With the Friday the 13th December deadline for a federal budget deal, the cries of “we’re broke,” and “we can’t afford to keep spending,” are ringing again. But we’re not broke and acting like we are is making us poorer.
One of the biggest common misunderstandings is that governments are like households, which need to tighten their spending when times are tough. Actually, governments and households work in opposite ways.
Governments can and should spend more when times are tough. Government spending makes up for lack of spending by families and businesses, and it helps get the economy moving by getting people back to work, putting money in their pockets, and contracting with businesses.
If we needed a reminder of that, the recent government shutdown gave us one. Journalists reported story after story about how business was down, as federal workers were laid off and national parks closed. The estimates are that even though the shut down only lasted 16 days, it cost the economy $24 billion.
We need government spending and investment to get the entire economy moving forward. When families are back at work with decent wages, government tax revenues will rise and spending on social supports will fall. That’s when government can reduce spending without slowing down the economy.
During the past two years we’ve reduced the deficit by half, close to 2008 levels. That may sound like it’s a good thing, but it’s really the biggest reason the economy is so lackluster for the vast majority of Americans with a near-record-high in unemployment, stagnant wages, and a smaller proportion of Americans working than any time in the past 30 years.
We’ve also cut all the wrong things: spending that puts money in people’s pockets today and investments in our economic future. We’ve cut spending on education, unemployment insurance, environmental protection, and scientific research. Our public investment, which includes annual government programs and spending on roads, bridges, transit, research, and development is actually the lowest it’s been as a share of the economy in 60 years.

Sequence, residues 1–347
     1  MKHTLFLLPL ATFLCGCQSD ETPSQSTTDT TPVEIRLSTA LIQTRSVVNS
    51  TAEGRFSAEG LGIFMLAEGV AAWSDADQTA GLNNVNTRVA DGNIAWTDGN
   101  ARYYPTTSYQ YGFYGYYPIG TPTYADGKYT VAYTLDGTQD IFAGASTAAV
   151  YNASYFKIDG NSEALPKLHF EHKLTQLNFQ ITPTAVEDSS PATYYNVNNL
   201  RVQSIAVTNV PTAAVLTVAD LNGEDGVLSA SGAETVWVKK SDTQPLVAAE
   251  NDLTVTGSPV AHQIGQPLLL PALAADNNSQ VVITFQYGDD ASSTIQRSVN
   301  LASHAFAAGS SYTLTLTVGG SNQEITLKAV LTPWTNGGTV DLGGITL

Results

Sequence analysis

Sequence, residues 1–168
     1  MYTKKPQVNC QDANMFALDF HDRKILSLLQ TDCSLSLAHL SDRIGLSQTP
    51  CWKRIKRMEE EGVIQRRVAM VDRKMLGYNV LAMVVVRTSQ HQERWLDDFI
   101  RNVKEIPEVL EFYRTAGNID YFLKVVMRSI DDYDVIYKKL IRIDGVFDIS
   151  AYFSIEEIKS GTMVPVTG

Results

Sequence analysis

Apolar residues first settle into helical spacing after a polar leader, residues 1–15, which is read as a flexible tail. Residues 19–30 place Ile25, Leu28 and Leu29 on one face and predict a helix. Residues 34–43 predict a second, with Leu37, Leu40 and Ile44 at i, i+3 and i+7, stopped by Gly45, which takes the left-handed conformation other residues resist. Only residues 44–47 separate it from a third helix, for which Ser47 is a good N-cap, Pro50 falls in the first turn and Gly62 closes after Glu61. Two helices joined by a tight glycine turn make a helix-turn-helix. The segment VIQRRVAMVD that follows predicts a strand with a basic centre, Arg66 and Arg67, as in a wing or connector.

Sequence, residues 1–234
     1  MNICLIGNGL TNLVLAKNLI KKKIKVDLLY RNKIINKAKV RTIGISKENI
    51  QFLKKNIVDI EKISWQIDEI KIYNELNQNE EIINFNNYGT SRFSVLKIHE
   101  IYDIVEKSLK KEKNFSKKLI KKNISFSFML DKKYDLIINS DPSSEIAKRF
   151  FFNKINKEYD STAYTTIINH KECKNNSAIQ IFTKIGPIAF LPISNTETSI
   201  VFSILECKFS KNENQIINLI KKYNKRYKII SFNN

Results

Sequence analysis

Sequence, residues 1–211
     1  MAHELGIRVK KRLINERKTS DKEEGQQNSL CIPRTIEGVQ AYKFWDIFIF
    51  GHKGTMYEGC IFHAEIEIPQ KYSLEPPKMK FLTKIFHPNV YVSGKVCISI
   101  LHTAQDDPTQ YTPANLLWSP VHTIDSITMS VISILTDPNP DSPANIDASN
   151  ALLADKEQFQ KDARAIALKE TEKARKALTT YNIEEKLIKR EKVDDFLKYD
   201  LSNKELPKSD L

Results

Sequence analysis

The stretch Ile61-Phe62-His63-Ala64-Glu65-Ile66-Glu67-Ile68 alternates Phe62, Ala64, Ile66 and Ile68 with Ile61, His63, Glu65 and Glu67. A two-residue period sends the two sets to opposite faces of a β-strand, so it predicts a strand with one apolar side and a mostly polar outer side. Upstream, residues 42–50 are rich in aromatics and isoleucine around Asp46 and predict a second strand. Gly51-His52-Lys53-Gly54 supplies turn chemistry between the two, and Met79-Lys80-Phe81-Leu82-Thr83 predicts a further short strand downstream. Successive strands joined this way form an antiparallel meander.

What if we’d taken a different course during the recession? How about rather than cutting spending after an initial stimulus, which avoided a second great depression by saving three million jobs, the government had kept at it?
History shows that if we have continued the levels of spending normally done after recessions, we would have spent some $800 billion more than we did, and the overall economy (and not just the stock market) would be back to the same level today that it was before the recession hit.
In short, the argument that the government must live within its means to protect our children’s future is backwards. Averting deficit spending now means starving our children’s present and their future. More parents will have to struggle to get by, fewer good jobs will be created, education will suffer, and today’s college students will stumble into their careers saddled with huge debt loads.
And our infrastructure will keep crumbling and research will dwindle, making it harder for our businesses to compete in the global marketplace.
There are ways we can reduce the deficit without slowing down the economy very much, if at all. That is by looking at the other truth about the cry that “we’re broke.” In fact, we have been robbed.
When Uncle Sam gives big corporations tax breaks to move jobs overseas, we’ve been robbed. When Washington taxes billionaires at a lower rate than their secretaries, we’ve been robbed.
To get the country moving again, Congress needs to reverse direction and increase spending on vital services and investment.
That means reversing the budget cuts on domestic spending already in place and stopping any more sequestration cuts on vital services for our families. And raising taxes on the wealthy and huge corporations, which have been gaming the system at our expense.
Instead of obsessing about the “need” to cut government spending, our leaders should be figuring out how best to stimulate the economy to provide both a better today and future for our children.
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